I’ve seen or heard it referred to dozens of times and even succumbed to the false notion myself. It’s known as WIIFM or “What’s in it for Me”. It may have rightly applied in sales and marketing to encourage thinking from the customer’s perspective but in business transformation and change management, it may be one of the most wrong-headed ideas around. It’s not just sort of wrong. It’s all wrong.
But before we get to that, let’s start with two questions. First, what’s the purpose of your business? And by that I don’t mean making money. The purpose of your business isn’t to make money. As Peter Drucker once said, “Profit is not the purpose of business, but rather the test of its validity.”
And the second question is this: “Does the purpose of your business engage your employees?” That’s a critical question when you consider 70% of employees in the workplace are disengaged or actively disengaged (i.e., working against you).
The answers to these two questions are critically important because purpose should drive your change effort, not WIIFM.
Here’s why. A few years ago, I was helping a global business client develop a business case for a strategic initiative related to new product development (NPD). Simultaneous with the work I was doing, they had another NPD initiative that required massive change in the processes and daily practices of most everyone from concept to commercialization.
They had built a business proposition complete with an attractive ROI, gone to great lengths to make sure all the senior leadership involved was aligned with the project, purchased a well-known Product Lifecycle Management (PLM) system, and hired one of the leading implementation and change management consulting firms in the world to make it all happen. What could go wrong?
Well, things went wrong. I had an interview with a concept designer about my project but when we were done he talked about all the negative consequences he had experienced with the PLM initiative. He said the business reason for doing it seemed like the wrong focus (reduce costs instead of improve innovation) and the training was a waste of time (2 days to get less than 2 hours of relevant material). Besides that, it added another step to his process (he had to navigate through several screens in the PLM system to attach a finished copy of his concept), which had dubious value to anyone since it was entirely after the fact; the concept had already been approved and he had moved on.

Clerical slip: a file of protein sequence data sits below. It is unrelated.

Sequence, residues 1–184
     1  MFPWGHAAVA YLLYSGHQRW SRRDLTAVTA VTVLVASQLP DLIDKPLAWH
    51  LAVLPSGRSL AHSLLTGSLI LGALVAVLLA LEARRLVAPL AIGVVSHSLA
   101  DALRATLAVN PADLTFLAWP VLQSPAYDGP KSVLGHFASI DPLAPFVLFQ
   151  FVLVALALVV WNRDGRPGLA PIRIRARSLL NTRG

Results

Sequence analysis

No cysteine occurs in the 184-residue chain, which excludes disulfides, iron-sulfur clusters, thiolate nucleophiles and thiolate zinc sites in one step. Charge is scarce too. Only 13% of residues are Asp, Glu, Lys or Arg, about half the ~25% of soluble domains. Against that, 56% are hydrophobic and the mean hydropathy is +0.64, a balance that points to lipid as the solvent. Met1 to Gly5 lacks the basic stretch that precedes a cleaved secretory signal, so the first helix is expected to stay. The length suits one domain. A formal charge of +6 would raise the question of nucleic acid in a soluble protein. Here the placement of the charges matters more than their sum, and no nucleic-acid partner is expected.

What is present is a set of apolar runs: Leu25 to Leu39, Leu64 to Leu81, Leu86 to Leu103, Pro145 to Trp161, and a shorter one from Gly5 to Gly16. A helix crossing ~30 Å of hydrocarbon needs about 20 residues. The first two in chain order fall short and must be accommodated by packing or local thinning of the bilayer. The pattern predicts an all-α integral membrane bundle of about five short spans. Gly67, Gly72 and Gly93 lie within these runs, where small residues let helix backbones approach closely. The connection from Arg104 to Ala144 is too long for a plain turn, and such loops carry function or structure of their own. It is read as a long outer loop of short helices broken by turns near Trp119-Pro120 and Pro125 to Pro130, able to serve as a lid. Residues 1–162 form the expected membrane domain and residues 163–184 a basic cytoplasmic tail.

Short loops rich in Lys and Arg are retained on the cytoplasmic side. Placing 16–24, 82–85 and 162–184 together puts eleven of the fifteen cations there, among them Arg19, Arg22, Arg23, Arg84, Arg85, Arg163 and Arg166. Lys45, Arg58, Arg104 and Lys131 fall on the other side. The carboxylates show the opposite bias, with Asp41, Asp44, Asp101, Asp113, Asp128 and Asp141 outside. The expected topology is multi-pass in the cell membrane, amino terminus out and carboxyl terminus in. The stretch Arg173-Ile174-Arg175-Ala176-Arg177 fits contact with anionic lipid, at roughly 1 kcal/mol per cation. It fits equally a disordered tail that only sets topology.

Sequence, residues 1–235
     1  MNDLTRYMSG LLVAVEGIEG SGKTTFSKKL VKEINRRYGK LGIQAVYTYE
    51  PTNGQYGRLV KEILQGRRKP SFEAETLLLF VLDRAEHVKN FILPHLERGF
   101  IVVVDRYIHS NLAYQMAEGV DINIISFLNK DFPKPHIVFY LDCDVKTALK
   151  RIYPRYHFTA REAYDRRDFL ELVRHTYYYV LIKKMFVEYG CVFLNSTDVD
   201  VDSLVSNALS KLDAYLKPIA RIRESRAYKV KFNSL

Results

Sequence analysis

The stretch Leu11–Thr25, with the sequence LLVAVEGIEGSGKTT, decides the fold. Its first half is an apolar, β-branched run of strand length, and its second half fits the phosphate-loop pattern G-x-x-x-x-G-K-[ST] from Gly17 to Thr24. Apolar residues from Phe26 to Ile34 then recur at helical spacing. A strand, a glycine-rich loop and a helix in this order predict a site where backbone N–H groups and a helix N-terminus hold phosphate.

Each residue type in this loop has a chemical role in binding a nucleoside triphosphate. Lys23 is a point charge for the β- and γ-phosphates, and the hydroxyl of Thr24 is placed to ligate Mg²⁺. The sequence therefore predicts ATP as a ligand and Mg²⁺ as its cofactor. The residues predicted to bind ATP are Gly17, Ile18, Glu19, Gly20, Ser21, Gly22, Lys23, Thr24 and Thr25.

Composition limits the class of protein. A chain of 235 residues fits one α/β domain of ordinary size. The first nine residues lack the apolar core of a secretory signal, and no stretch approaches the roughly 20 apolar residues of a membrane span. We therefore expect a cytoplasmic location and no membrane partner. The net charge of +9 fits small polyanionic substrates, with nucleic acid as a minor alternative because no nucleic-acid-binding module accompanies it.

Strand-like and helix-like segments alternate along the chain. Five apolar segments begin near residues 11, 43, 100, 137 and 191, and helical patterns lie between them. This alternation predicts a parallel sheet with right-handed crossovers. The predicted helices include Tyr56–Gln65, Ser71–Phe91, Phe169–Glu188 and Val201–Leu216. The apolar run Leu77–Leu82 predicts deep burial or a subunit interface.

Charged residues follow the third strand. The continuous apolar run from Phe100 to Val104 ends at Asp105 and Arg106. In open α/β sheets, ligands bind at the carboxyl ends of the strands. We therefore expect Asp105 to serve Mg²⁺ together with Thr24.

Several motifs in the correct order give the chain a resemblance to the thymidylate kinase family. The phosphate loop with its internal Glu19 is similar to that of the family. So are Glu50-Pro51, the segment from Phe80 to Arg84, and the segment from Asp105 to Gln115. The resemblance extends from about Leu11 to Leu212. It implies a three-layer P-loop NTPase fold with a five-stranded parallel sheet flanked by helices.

And this is where the wrong thinking about change management came in. The typical response for this situation is, “we have to figure out what’s in it for them” to get employees to embrace change.
That always seems so right, doesn’t it. Figure out what’s in it for the employee and they’ll be motivated to adopt the required changes and everyone’s happy.
But “What’s In It For Me” doesn’t work. To determine the WIIFM for the designer would require sitting down with him and asking questions to get at his internal motivation. If they had done this, they would have found out this designer was motivated to produce design concepts that would land him a trip to trade shows where he might be asked to autograph his concepts for adoring fans.
What good would it do to uncover this WIIFM? Or any other for that matter? Does anyone think the business is in a position to act on an employee’s WIIFM?
And then there’s another problem. Suppose the business did go about uncovering the WIIFM for employees. There were thousands of employees involved in the PLM process. How would any business uncover and act on thousands of WIIFMs?
WIIFM just doesn’t work. Employees who pursue their own purpose, or WIIFM, at work will always fight change because you’re messing with their personal purpose for doing the work… duh. And wouldn’t someone who’s pursuing his or her own purpose instead of the purpose of the business be the very definition of “disengaged”? And won’t your transformation effort actually make them into “actively disengaged” employees working against you?
WIIFM is just wrong-headed. Instead, businesses and transformation efforts need to be purpose-driven. The purpose of the business needs to be greater than the individual motivational pursuits of the employees. For example, the purpose of International Justice Mission is to “Rescue Thousands. Protect Millions. Prove That Justice For The Poor Is Possible”. Do you think they’d get much resistance if they wanted to implement a change that would save more children from slavery?
If that example is too lofty for you, consider purpose-driven companies like Southwest Airlines or Google or Apple or Walmart. According to Jim Collins in his book Built to Last, purpose-driven companies out perform the general market 15:1 and peer companies 6:1.
Research indicates over 90% of CEOs are in some size, phase, or type of transformation. And with a change management industry that espouses “What’s In It For Me”, is it any wonder 70%-80% of those transformation efforts fail?
Purpose pays dividends. Purpose replaces WIIFM. Let your transformation efforts, and employees, be purpose-driven.